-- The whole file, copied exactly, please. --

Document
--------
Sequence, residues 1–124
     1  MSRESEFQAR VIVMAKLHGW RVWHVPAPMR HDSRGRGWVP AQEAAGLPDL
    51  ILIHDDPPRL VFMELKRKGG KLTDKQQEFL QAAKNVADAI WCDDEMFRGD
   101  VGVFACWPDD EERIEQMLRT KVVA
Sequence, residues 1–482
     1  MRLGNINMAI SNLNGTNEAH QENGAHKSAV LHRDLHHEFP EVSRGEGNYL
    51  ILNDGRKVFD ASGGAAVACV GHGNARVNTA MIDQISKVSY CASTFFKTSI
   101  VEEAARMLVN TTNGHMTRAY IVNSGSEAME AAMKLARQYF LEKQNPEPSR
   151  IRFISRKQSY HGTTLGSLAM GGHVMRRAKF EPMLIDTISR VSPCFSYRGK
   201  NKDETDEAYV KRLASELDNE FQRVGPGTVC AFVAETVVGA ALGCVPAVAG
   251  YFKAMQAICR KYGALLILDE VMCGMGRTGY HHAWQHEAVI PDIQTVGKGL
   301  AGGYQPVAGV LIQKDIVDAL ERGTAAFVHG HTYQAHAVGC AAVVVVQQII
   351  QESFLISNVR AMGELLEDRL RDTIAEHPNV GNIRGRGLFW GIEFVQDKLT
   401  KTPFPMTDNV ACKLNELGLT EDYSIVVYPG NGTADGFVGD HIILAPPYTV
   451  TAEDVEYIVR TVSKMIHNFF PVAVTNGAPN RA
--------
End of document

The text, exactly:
Sequence, residues 1–124
     1  MSRESEFQAR VIVMAKLHGW RVWHVPAPMR HDSRGRGWVP AQEAAGLPDL
    51  ILIHDDPPRL VFMELKRKGG KLTDKQQEFL QAAKNVADAI WCDDEMFRGD
   101  VGVFACWPDD EERIEQMLRT KVVA
Sequence, residues 1–482
     1  MRLGNINMAI SNLNGTNEAH QENGAHKSAV LHRDLHHEFP EVSRGEGNYL
    51  ILNDGRKVFD ASGGAAVACV GHGNARVNTA MIDQISKVSY CASTFFKTSI
   101  VEEAARMLVN TTNGHMTRAY IVNSGSEAME AAMKLARQYF LEKQNPEPSR
   151  IRFISRKQSY HGTTLGSLAM GGHVMRRAKF EPMLIDTISR VSPCFSYRGK
   201  NKDETDEAYV KRLASELDNE FQRVGPGTVC AFVAETVVGA ALGCVPAVAG
   251  YFKAMQAICR KYGALLILDE VMCGMGRTGY HHAWQHEAVI PDIQTVGKGL
   301  AGGYQPVAGV LIQKDIVDAL ERGTAAFVHG HTYQAHAVGC AAVVVVQQII
   351  QESFLISNVR AMGELLEDRL RDTIAEHPNV GNIRGRGLFW GIEFVQDKLT
   401  KTPFPMTDNV ACKLNELGLT EDYSIVVYPG NGTADGFVGD HIILAPPYTV
   451  TAEDVEYIVR TVSKMIHNFF PVAVTNGAPN RA